Wednesday, September 11, 2013

Transcending Age

Image by new 1Illuminati
"Gerotranscendence" refers to a theory of aging that is loosely related to Eastern mysticism and New Age philosophy.

Gerotranscendence views the proper task of late life as this:

finding life satisfaction in realms beyond material experience.

As with other transcendental aka spiritual theories, a gerotranscendent state does not reside in physical attractiveness, strength, fame, material possessions or political power. Happiness is grounded in accepting the self, others, and the world at large in a way that transcends mortal limitations.

Swedish sociologist Lars Tornstam developed this theory in a series of scholarly papers published throughout the 1980s and 1990s and culminating in his book, Gerotranscendence: A Development Theory of Positive Aging. (2005)

Building on the work of Carl Jung and Erik Erikson, Tornstam interviewed older adults themselves, looking for an emerging theory of aging from their perspective.

In the introduction to his book, Tornstam fears that midlife researchers project too much of their own bias towards activity, productivity, and achievement onto older adults and thereby view them as failing when they are merely in a different life stage.

Tornstam suggests, "Instead of accepting the hidden assumption that good aging is the same as continuing the midlife pattern indefinitely, we suggest that growing old has its very own meaning and character" (Gerotranscendence, p. 3).

His theory is quite extensive and deserves close attention. If you are not able to read his book or scholarly articles, here are some key traits of people who achieve gerotranscendence:
  • A more holistic view of time with the past, present and future sometimes merging together. 
  • A rejection of relationships, possessions and activities judged as shallow or superficial. 
  • A keen understanding between the difference between core self and social role. 
  • More living in the moment and increased playfulness.
  • A rejection of absolutes and a greater acceptance of relativism.  
  • A diminished concern for the vanities of the body beyond meeting basic needs. 
  • An enjoyment of solitude and reflection. 
The above points were summarized and synthesized from 1) a leaflet promoted by Tornstam, 2) a blog post by theologian James Woodward, 3) a blog post by life coach Ruth Tamari, and 4) a helpful chart of Tornstam's major points, which I am hazarding a guess was posted by Esther Friede, a Canadian woman living in Northern India.

If you are interested in the history of ideas and would like to read a critique of Tornstam's work, you might find this article of interest. 

I have to confess my awkwardness in writing about gerotranscendence.  I can see that many of my age mates and I favor a view of aging that is productive, active, and achievement oriented.  I usually do project the strength of midlife into late life--specifically, my future late life. I still have a teen and a tween at home. Being an older parent probably encourages my midlife choke-hold on maintaining my core "Self" as productive for as long as possible. 

Currently, I'm in my 50s. After reading about gerotranscendence, I am now interested to see if I end up shedding my view of aging as an act of "doing" and adopting a view of aging as a state of "being."  Check the blog in 30 years and see what I'm doing. Or rather, see "who I am being" by then.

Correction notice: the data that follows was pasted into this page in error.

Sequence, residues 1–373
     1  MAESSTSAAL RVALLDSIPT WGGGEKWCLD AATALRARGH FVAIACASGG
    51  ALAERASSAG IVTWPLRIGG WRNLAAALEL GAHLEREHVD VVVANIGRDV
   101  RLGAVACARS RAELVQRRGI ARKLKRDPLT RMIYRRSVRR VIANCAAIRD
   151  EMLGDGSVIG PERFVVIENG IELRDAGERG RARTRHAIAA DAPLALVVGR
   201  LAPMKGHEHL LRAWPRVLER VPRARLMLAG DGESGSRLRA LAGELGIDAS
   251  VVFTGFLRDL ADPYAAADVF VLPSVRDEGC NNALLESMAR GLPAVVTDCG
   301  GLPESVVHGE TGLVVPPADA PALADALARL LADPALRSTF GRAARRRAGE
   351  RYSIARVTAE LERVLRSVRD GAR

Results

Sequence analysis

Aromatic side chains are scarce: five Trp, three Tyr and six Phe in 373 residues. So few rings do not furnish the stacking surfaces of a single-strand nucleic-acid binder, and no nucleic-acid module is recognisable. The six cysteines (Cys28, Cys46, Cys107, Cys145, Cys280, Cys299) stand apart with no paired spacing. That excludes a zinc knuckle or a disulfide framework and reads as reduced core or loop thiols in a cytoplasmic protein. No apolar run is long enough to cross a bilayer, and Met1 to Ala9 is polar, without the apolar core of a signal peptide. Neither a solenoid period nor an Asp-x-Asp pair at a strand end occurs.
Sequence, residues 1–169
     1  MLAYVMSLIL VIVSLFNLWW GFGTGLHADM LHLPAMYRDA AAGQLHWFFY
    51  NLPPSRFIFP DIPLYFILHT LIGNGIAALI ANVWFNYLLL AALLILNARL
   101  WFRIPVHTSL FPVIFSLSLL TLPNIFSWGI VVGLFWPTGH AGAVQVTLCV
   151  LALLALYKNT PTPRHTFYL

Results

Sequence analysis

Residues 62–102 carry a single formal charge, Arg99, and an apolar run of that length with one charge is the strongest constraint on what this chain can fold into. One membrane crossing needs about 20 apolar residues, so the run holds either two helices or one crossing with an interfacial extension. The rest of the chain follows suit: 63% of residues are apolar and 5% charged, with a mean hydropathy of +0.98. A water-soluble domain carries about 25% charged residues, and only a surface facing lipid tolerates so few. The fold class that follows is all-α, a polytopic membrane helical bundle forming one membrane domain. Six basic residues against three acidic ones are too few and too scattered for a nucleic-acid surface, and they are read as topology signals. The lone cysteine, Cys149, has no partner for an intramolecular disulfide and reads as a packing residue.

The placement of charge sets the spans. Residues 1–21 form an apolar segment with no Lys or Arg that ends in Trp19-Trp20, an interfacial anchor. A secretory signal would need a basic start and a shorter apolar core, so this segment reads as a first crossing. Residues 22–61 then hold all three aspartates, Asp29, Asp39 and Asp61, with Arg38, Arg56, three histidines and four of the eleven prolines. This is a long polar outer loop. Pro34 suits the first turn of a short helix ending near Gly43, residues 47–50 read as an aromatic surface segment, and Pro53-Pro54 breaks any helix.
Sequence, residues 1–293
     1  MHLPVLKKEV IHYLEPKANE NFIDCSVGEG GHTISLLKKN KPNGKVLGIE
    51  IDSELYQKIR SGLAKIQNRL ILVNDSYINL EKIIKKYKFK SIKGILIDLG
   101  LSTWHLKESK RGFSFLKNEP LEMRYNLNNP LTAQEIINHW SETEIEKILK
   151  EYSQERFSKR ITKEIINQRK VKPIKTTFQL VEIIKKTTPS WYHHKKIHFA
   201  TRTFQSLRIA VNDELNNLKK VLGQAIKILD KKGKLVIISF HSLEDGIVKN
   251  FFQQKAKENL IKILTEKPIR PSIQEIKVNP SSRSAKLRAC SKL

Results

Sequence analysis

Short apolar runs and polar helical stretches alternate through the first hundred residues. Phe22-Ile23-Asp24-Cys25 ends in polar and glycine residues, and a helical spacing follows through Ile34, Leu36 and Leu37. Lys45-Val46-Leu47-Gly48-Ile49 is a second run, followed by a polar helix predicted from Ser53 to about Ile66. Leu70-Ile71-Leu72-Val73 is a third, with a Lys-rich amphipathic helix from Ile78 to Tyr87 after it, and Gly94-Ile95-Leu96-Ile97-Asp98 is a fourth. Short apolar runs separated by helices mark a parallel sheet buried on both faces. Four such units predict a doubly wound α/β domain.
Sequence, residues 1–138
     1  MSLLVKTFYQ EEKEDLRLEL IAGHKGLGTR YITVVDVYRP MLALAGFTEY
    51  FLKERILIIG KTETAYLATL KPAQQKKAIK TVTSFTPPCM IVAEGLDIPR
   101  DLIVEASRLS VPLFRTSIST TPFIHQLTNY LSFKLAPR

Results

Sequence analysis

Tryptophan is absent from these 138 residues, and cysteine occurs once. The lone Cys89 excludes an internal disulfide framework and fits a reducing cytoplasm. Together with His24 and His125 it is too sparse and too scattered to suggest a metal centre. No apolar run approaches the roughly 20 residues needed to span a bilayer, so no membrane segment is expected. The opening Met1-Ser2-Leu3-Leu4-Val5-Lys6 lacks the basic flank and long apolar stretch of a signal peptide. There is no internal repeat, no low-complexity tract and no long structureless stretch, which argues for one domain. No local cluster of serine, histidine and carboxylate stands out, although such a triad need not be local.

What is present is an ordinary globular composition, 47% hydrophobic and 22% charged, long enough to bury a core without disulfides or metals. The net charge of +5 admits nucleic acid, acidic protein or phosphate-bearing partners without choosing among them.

And if I'm not publishing posts when you check back, go to the river and look for me there. 

Photo by nandadeviest. 


  1. Hi Karen....This is a fascinating post. I've never heard of the term Gerotranscendence and think you/they have really hit on something important. I too am in my 50s and definitely consider myself still in mid-life, but this offers a unique perspective on where we go from here that I think is VERY encouraging and helpful. I've been toying with subjects on my own blog about retirement, aging successfully, women as we age, etc. etc. and I'm finding lots of people who are interested--and yet not quite sure where to go. I remain convinced that aging is more than just getting comfortable--and I think this offers lots of possibility. Again, thanks for sharing it and I'll be checking it out (and probably writing about it myself) as time goes by! ~Kathy

    1. Thanks for your kind comment. I'm sorry that it took me so long to get back to this post's comments. Love and light to you, Kathy.

  2. I have never heard of this term before your post. It's a very interesting subject. My view is that I may grow old in years, but I choose to stay active as long as I am able. Retirement is not in my vocabulary.

    1. Yes, I think it's vital to separate physical age and psychological age. While our bodies might offer some constraints, I do believe that perspective and attitude have a huge effect on our lives. Sorry it took me so long to reply to comments to this post. I don't even know how I managed to drop the ball. Gah. All my best to you.

  3. I'm hearing more about this. What a wonderful concept. Years ago I wrote about older people being afraid to slow down due to ageism--their own and that of others. But I aspire to it. I think being quieter and increasingly mindful and grateful would be a fabulous way to age! Thanks for this.

    1. I don't now if I will be the contemplative wise older adult, but I do find many of these traits appealing and how that as I (continue to) age I also mature. Thank you for reading / commenting. Have a lovely day.